And that plays out in the talk of ‘wellbeing’ which you can easily find in the workplace and on self-help bookshelves and in government speeches made by the likes of the then prime minister, David Cameron.   It is an ideology that shapes us even if think we’re beyond that! Happiness is a key thing in society. It is a key value that shaped the big thinkers who developed the idea of the Enlightenment.

Back to the Christian story, we have to read our story in light of all this other kind of stuff and my experience is that as you do it still stands up. The son of God becomes born as Jesus. And if he leaves the reality of heaven so the Christian story says he returns. We could look at the evidence for the resurrection at this point, but not enough time – and that’s part of the reason for Easter, yet as you look at the evidence for the resurrection there is enough there, I would suggest, to prove on the balance of probability that the resurrection happened.

Our Christian story holds water – it provides, as Peter suggest, that we can hold a “new birth into a living hope through the resurrection of Jesus Christ from the dead, 4 and into an inheritance that can never perish, spoil or fade. This inheritance is kept in heaven for you, 5 who through faith are shielded by God’s power until the coming of the salvation that is ready to be revealed in the last time. 6 In all this you greatly rejoice, though now for a little while you may have had to suffer grief in all kinds of trials.”

 

And so, hope based on looking at the whole of the Christian story, based on how the tradition of the Christian story has been lived over 2000 years and how it is lived today, so hope becomes robust – not just a pie in the sky dream, but more steak on your plate today. It is a more robust prospect than the secularised notion of happiness. And that is what our reading, not very Adventy I know, but that is what our reading from the bible is wanting to convey.

Hope can be real.

Yes, you have to dare to believe it – it is a dare when the louder voice is to believe the pursuit of happiness, The author of Happiness, Richard Layard, and many of his readers, dare to believe that happiness is the only way, even though he proves to himself there is no proof for it!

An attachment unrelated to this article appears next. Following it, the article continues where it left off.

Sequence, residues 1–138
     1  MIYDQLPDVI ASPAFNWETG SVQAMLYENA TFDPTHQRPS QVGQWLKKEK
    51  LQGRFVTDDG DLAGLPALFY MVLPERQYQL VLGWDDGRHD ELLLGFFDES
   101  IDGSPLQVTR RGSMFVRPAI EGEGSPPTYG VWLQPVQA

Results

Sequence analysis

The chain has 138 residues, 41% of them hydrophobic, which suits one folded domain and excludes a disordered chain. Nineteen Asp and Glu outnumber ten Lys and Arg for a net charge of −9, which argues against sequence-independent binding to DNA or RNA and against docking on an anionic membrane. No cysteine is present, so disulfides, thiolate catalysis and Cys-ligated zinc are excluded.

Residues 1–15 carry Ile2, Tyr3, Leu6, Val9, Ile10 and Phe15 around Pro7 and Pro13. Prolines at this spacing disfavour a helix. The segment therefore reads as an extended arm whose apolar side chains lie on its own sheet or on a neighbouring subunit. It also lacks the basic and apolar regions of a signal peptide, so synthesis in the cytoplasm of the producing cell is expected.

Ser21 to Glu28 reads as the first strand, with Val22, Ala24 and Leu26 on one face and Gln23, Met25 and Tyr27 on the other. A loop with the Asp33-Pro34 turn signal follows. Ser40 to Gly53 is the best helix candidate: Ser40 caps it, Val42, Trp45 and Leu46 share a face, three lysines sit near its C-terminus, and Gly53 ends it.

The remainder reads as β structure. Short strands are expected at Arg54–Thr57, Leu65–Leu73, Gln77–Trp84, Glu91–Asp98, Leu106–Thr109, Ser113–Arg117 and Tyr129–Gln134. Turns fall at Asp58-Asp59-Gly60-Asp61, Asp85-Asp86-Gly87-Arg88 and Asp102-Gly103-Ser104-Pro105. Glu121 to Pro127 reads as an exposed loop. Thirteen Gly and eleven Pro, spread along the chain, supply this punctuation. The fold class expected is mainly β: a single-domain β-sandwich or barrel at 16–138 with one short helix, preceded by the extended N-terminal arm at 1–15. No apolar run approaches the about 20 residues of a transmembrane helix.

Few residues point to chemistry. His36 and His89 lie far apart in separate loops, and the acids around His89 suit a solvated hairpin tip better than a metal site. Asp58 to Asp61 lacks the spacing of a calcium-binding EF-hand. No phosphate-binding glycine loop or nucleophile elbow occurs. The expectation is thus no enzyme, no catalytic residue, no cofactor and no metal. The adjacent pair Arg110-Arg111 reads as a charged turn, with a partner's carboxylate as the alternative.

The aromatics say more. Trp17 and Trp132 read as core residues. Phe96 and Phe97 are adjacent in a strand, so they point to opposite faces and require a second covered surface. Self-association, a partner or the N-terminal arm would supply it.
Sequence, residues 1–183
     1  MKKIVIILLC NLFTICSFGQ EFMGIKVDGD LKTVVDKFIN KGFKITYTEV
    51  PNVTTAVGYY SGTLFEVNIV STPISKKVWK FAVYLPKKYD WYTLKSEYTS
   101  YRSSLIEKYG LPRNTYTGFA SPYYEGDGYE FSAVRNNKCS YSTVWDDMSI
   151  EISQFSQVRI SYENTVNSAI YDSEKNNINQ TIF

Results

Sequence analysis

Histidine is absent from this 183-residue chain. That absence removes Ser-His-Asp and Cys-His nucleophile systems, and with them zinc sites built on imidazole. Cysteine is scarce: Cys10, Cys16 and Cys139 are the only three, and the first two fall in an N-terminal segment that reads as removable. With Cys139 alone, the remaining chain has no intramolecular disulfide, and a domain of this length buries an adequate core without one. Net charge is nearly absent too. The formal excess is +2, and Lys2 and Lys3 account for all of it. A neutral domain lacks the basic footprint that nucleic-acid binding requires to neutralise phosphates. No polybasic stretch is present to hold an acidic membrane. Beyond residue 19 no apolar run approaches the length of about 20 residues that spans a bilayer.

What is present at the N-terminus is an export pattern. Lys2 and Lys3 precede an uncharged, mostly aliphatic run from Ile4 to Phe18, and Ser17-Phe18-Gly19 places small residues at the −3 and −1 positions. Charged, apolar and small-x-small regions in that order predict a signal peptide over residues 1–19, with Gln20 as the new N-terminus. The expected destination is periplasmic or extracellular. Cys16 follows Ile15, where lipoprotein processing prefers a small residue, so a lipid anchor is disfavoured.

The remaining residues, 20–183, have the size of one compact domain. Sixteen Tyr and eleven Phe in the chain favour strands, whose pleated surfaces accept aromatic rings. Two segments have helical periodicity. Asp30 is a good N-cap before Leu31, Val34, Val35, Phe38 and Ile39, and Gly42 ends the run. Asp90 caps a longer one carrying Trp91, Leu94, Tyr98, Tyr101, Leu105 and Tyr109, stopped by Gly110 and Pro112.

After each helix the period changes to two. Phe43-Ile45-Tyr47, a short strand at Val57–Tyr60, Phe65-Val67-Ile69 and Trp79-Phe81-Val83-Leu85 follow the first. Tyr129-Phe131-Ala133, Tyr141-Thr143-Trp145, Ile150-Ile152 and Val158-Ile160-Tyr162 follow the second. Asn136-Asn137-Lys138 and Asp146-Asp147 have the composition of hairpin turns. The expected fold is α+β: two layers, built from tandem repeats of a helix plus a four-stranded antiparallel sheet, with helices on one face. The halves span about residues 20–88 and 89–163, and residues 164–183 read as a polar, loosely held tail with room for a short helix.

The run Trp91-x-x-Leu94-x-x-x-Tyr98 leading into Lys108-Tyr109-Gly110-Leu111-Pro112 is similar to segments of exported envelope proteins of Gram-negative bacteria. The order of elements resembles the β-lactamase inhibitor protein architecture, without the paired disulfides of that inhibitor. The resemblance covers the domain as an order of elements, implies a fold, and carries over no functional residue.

But the Christmas story starts that process of a living hope. So, at the beginning of Advent will you consider again how you understand hope? The Christian understanding of hope – the reality of heaven, of Jesus’ birth, his life, death and resurrection, to hold to that does give a hope that the hope of happiness simply can’t match. 

And a final thought. There is nothing wrong in feeling happy! I love feeling happy – this isn’t to say that the Christian story is against happiness – actually it is for fulfilment!

Jn 10:10. But in considering to what level you let the Christian understanding of hope to shape your life, start looking out to how much western society is simply looking for happiness, that the statistics show is just not happening. And hold that story up against the Christian understanding of Hope.  If you’ve never through of the Christmas story in this way before, as the story that brings real hope into the world, and the opportunity to let that story affect your life in that way, then, dare you believe it more? Why not let the next four weeks of Advent be a time to consider where your real hopes in life are?

 

My experience, for what it is worth – life is challenging, but the Christian story is robust enough to deal with those challenges, and yet still gives that hope and an offer of fulfilment in life. That’s different from happiness, but it is more profound. I wonder what you ultimately think?